The history of the all-time NFL series between the Houston Texans and Kansas City Chiefs reads like a tale of two cities, but not in the order you would expect it to have unfolded. The Texans entered the NFL as an expansion team in 2002, but surprisingly proved to be a handful for the Chiefs. Houston won three of the first five games played between these two AFC rivals, including a 24-21 decision in 2004 in the first game the Texans ever played at Kansas City.
It should be noted that early on, when the Chiefs won, they won handily. The initial Texans-Chiefs clash in 2003 ended with Kansas City a resounding 42-14 road winner. And Kansas City’s second triumph over the Texans was a 45-17 verdict in 2005, also at Houston. Lately, it’s Kansas City that’s held the upper hand in this series. The Chiefs have won four of the last five meetings, including a victory in a 42-34 shootout during the 2017 season.
The Hunter – One of the stars of that 2017 victory for the Chiefs was rookie running back Kareem Hunt. He rambled for 107 yards in the win, one of six 100-yard rushing days he enjoyed during his inaugural NFL season while leading all first-year players in yards gained on the ground with 1327. The Chiefs were 6-0 last season when Hunt rambled for 100 yards or more, and 4-7 in games in which he was held to less than 100 yards on the ground.
Watson’s Home – The Texans unearthed their own rookie star last season in quarterback DeShaun Watson, and nowhere was that more evident than in the game against the Chiefs. He passed for five touchdowns in that contest, giving him 11 TD passes in a three-game span. But the party ended soon after. After tossing seven more TD passes in the next two games, Watson suffered a season-ending knee injury in practice. He finished his seven-game rookie stint with 19 touchdown passes and eight interceptions.
The DeShaun Factor – You might say that the difference between the Texans with Watson and without Watson is elementary, and it is rather easy to deduce via simple math. In the six games that Watson started, the Texans scored 208 points, going under 30 in just one game. That works out to an average of 34.6 points per game. The combined total in those six games was 61.1, so you could argue that Watson is an over bettor’s best friend. Without Watson starting, the Texans scored 130 points in 10 games, 13 points a game.
It’s Pat – After five seasons in which he started 76 of 80 regular-season games and took the Chiefs to the playoffs four times, but went 1-4, his only postseason win a 30-0 shutout of the Texans, the Chiefs let quarterback Alex Smith walk as a free agent to Washington and handed the reigns to 2017 first round pick Patrick Mahomes. Replacing Smith’s conservative ball-control offense, the Chiefs believe that Mahomes can be an impact difference maker under center and become a top 10 NFL QB in short order.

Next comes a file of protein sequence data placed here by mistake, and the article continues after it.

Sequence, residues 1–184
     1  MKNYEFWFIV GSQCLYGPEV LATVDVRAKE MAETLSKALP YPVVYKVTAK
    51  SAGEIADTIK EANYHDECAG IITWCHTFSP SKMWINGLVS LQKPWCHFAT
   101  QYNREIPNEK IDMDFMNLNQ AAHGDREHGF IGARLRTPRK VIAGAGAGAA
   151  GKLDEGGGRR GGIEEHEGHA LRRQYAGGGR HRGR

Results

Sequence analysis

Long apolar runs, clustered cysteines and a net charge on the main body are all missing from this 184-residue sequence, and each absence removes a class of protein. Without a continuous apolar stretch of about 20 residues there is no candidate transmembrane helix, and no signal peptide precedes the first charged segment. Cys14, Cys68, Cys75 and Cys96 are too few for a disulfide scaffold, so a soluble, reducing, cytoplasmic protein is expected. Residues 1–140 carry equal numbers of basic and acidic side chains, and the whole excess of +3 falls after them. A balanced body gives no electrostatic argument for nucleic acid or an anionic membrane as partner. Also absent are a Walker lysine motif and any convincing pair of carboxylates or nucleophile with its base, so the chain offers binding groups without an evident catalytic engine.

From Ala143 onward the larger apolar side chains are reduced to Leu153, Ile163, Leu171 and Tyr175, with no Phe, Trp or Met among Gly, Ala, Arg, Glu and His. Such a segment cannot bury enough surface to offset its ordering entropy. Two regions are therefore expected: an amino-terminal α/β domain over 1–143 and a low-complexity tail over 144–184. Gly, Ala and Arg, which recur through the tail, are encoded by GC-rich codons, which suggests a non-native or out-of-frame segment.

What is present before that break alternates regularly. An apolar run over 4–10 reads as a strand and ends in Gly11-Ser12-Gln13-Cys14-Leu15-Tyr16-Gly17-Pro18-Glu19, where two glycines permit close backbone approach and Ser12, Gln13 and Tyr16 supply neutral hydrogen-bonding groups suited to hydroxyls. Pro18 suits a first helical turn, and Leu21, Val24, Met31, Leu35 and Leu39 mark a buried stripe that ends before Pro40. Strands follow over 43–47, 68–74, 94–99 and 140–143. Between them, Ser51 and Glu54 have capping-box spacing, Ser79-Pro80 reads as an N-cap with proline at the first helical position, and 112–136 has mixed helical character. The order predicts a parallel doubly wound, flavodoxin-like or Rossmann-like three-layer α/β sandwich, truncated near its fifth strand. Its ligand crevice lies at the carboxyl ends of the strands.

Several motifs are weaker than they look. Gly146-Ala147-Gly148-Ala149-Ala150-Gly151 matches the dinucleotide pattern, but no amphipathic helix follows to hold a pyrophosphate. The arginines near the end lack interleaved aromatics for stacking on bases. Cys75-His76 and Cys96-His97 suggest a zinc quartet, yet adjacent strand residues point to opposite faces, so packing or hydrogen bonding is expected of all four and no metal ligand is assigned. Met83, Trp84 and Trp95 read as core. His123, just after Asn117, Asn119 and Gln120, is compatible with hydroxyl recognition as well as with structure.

Whither J.J. – No one doubts the quality of Texans defensive end J.J. Watts as a person after the tremendous humanitarian effort he made during the Houston flooding, or as a player. He was the first player in NFL history to record multiple 20-sack seasons. The only concern with Watts is his health. Surgery for a herniated disc and a fractured leg limited Watts to eight games combined the past two seasons. His first five NFL seasons, he didn’t miss a game. Like Watson, the Texans are vastly different with a healthy Watts.
Texans vs Texans – You’ve got to be a real student of football history to be aware of this, but both of these teams started out in Texas as the Texans. That’s the only name Houston’s second NFL club has been known by since the Texans were granted an expansion franchise. But the Chiefs were born as the AFL’s Dallas Texans in 1960 and won the 1962 AFL title under that handle before relocating to Kansas City prior to the 1963 season.
Ten Bells – David Letterman has nothing on the Chiefs offense when it comes to top 10 lists. During the 2017 season, Kansas City finished among the NFL’s top 10 in scoring (25.9 points per game, sixth overall), yardage (375.4 per game, fifth), passing yardage (256.5, seventh) and rushing yardage (118.9, ninth). They also tied for 10th in the league with 42 touchdowns. The Chiefs were the NFL’s second-best kickoff team, forcing 71 touchbacks.
Three Thousands – Both wideout Tyreek Hill (1183) and tight end Travis Kelce (1048) went over 1000 yards receiving for the Chiefs in 2017, and in the offseason, they added a third pass-catching threat, signing free-agent receiver Sammy Watkins to a three-year, $48 million deal. Watkins collected 1047 yards in receiving with the Buffalo Bills in 2015 and the Chiefs may also utilize his 4.3-second speed in the 40-yard dash to return kicks this season.
Winning Ways – The Chiefs were a playoff team last season, so you might be a bit surprised that perhaps due to the uncertainty at quarterback, Bovada has pegged the total on wins by Kansas City this season at only 8.5. If you think that Mahomes is as good as advertised, maybe you’ll want to play the over at -130. If you believe the Chiefs are selling a bill of goods on the kid, then play the under at even money. The Texans are also set at 8.5 wins, with the over at odds of -160 and the under giving odds of +130.
MVP Talk – Several players on both teams are given odds by BetOnline regarding their chances of garnering the NFL’s MVP award, but none can be classified among the favorites to win the honor. Watson is at +2000, while Mahomes is +3300. Further down the list, Hunt goes for odds of +5000, while you can play Watts at long odds of +10000. Texans wide receiver DeAndre Hopkins is also listed at +10000.